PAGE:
By comparison, Jesse LaVercombe, although originally American, comes off as a typically bland Canadian. The best that can be said is that LaVercombe does as much as he can with the weak character he has to play. In the epic scenes, he tries to signal through deliberately awkward body language that Enkidu is still not used to his new human form and in no way has the natural grace and rhythm that Moneka as Gilgamesh displays.

As it is, the best sections of the play are the epic portions where Moneka and LaVercombe use their talents at mime and movement and Lorenzo Savoini’s minimal set and elaborate lighting to tell the ancient tale. These sections are exciting and vital since they engage the imagination in a way that the narration of everyday events simply cannot.

As a play, King Gilgamesh would fare much better as a musical theatre concert in which Moneka and LaVercombe, left their personal lives behind and simply retold the ancient epic in a contemporary way accompanied by Moneka’s lively band. By focussing on the ancient poem, few people would be able to miss the radical message the epic puts forward that for mortals there is no eternal life – a view in direct contradiction with the later views of eternal life found in three Abrahamic religions. The Epic of Gilgamesh may be an ancient poem but its world view is much more modern and more thought-provoking than the current play suggests.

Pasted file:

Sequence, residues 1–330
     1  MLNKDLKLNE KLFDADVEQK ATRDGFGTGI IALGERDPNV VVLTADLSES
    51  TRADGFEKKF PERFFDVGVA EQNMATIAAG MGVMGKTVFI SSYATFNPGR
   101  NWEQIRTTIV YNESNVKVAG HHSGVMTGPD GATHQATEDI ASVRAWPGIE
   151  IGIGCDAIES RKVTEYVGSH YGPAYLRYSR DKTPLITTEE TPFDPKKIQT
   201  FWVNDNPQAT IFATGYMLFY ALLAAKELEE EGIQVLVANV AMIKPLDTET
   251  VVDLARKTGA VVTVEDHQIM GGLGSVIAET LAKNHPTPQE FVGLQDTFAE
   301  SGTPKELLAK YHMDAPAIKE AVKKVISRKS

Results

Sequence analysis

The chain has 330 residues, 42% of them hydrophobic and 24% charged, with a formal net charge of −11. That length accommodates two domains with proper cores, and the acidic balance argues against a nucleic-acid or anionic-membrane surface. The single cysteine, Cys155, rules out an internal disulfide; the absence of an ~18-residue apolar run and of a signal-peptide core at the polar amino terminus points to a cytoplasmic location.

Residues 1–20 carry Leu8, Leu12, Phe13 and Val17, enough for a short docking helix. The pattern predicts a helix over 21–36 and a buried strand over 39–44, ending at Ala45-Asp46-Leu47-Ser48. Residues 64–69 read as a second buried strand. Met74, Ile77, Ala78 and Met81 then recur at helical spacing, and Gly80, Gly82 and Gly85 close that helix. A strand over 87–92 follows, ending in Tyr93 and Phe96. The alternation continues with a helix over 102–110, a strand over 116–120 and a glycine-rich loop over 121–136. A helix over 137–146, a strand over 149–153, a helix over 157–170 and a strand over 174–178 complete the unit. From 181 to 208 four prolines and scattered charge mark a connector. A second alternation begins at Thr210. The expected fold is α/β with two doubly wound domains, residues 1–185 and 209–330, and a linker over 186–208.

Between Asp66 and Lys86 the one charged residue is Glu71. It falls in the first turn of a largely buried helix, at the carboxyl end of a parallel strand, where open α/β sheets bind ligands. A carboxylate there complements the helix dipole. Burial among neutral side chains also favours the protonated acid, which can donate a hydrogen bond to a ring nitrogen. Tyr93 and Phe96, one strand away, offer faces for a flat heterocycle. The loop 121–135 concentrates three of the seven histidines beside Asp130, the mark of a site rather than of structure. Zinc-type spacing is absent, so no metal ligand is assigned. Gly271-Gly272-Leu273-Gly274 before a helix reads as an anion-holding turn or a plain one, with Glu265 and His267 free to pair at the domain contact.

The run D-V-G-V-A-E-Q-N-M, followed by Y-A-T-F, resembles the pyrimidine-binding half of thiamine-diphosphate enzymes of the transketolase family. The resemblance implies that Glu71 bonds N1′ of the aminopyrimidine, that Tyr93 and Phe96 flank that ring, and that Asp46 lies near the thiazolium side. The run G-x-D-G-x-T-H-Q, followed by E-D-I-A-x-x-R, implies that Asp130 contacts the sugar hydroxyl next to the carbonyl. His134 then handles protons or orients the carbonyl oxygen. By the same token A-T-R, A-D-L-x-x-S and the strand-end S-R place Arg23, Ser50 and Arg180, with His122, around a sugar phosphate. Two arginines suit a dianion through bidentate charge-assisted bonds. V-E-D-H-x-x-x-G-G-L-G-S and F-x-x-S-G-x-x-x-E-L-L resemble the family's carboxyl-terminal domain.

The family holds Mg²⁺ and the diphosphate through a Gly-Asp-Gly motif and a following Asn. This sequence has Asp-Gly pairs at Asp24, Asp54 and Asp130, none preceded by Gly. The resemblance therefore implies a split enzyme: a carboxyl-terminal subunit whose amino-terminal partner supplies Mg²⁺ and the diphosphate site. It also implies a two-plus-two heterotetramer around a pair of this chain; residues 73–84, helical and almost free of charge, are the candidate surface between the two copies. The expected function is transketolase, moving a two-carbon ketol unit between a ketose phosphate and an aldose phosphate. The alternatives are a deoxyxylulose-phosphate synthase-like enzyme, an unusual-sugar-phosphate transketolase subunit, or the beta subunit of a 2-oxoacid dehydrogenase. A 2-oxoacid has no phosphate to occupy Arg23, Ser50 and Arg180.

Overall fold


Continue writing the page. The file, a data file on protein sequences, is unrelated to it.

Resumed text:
Christopher Hoile

Photos: Jesse LaVercombe as Jesse and Ahmed Moneka as Ahmed; Jesse LaVercombe as Enkidu and Ahmed Moneka as Gilgamesh; musician Waleed Abdulhamid, Ahmed Moneka as Ahmed, musician Jessica Deutsch and Jesse LaVercombe as Jesse. © 2023 Dahlia Katz.